Florida is headed for a 'near worst-case scenario' with Hurricane Ian. Here's what a Category 5 storm could look like.

Florida is headed for a 'near worst-case scenario' with Hurricane Ian. Here's what a Category 5 storm could look like.
A resident uses plastic for protection from the rain in Batabano, Cuba. Hurricane Ian is forecasted to hit the Gulf Coast of Florida as early was Wednesday.Ramon Espinosa/AP
  • Hurricane Ian increased to a Category 3 storm on Tuesday with 125 mph winds.
  • Forecasters expect the storm to strengthen in the Gulf of Mexico as it heads toward Florida.

As Hurricane Ian intensifies and heads toward the Florida Gulf Coast, forecasters are sounding the alarm for what could be a devastating Category 3 storm with 125 mph winds.

"This is a near worst-case approach angle coming in from the south and west and stalling," Jamie Rhome, the National Hurricane Center acting director, told CNN. "With it slowing down, this would be a near-worst case approach angle."

The last time a storm that strong hit Florida was a century ago, when a Category 3 came to Tampa Bay, knocking out the region's power and killing eight people. But that was when the population was only about 200,000, according to the Tampa Bay Times.

Tampa Bay, which includes the cities of Tampa, St. Petersburg, and Clearwater, is now home to about 3.2 million people, according to the 2020 US Census.

In a worst-case scenario — a Category 5 with winds of 157 mph or higher — the impacts could be devastating and take years to recover from.


A major storm like that could flood the downtown Tampa Bay area with up to 26 feet of water, which is more than twice the depth of the 1921 hurricane, according to Vox.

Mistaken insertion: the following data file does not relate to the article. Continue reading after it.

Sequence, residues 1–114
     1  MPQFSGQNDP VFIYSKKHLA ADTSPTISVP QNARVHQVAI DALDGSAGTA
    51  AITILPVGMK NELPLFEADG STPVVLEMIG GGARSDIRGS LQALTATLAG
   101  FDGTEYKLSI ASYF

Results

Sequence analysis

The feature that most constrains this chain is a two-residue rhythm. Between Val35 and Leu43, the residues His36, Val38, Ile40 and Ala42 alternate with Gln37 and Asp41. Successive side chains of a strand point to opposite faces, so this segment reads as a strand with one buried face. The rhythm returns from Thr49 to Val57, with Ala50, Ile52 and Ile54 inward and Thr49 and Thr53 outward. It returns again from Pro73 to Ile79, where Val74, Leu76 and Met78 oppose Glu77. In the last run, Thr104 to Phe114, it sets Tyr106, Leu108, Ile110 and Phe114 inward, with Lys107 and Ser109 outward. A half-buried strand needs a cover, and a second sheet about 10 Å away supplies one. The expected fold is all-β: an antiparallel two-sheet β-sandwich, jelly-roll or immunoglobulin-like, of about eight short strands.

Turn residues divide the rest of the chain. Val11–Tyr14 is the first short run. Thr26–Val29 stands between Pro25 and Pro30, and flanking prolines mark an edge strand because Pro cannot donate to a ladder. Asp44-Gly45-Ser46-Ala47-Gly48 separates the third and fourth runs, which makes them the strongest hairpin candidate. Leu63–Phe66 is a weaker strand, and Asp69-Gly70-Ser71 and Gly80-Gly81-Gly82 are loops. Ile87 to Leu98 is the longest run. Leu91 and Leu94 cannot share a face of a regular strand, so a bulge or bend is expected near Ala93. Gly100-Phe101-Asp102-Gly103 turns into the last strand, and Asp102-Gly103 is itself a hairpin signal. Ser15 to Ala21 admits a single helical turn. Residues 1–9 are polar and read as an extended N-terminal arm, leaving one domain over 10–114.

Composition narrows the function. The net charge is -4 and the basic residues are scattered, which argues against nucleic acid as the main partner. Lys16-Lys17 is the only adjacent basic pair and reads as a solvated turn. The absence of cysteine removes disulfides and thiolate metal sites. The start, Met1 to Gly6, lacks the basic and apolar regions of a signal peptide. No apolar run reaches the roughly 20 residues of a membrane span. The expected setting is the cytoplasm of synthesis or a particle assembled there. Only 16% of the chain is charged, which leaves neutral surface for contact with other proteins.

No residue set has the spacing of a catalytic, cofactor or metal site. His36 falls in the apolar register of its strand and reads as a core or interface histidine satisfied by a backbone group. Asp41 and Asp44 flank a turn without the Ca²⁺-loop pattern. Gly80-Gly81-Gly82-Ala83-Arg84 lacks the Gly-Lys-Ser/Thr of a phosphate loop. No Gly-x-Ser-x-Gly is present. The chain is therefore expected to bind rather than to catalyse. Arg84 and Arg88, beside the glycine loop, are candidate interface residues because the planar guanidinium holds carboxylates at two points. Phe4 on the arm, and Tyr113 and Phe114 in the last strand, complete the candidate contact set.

The National Hurricane Center forecasted on Tuesday morning that Tampa Bay and Charlotte Harbor could expect 5 to 10 feet of storm surge flooding if Hurricane Ian hits at high tide.

In the Tampa Bay Regional Planning Council's catastrophic plan, which lays out this worst-case scenario through a simulation called Hurricane Phoenix, flooding from a Category 5 storm could turn various parts of Pinellas County, including St. Petersburg, into islands.

Winds of up 157 mph could tear through homes, smash windows, and destroy stoplights. About half a million buildings could be destroyed and 843,000 households displaced, the catastrophic plan predicts.

The death toll could reach similar figures to that of Hurricane Katrina in 2005, when that Category 5 storm killed over 1,800 people. The region's planning council estimated that — even considering Tampa Bay's developed infrastructure — a storm that strong could kill about 2,000 people, along with another 200 more after the storm.


Economic losses also could be unprecedented. The report estimates about $250 billion in "expected economic losses" due to structural damages and loss of business.

"As one might expect, a storm of the size and strength of Hurricane Phoenix would create almost unthinkable damage to the area's homes, businesses, infrastructure, overall economy, and social systems that are currently in place," the report stated.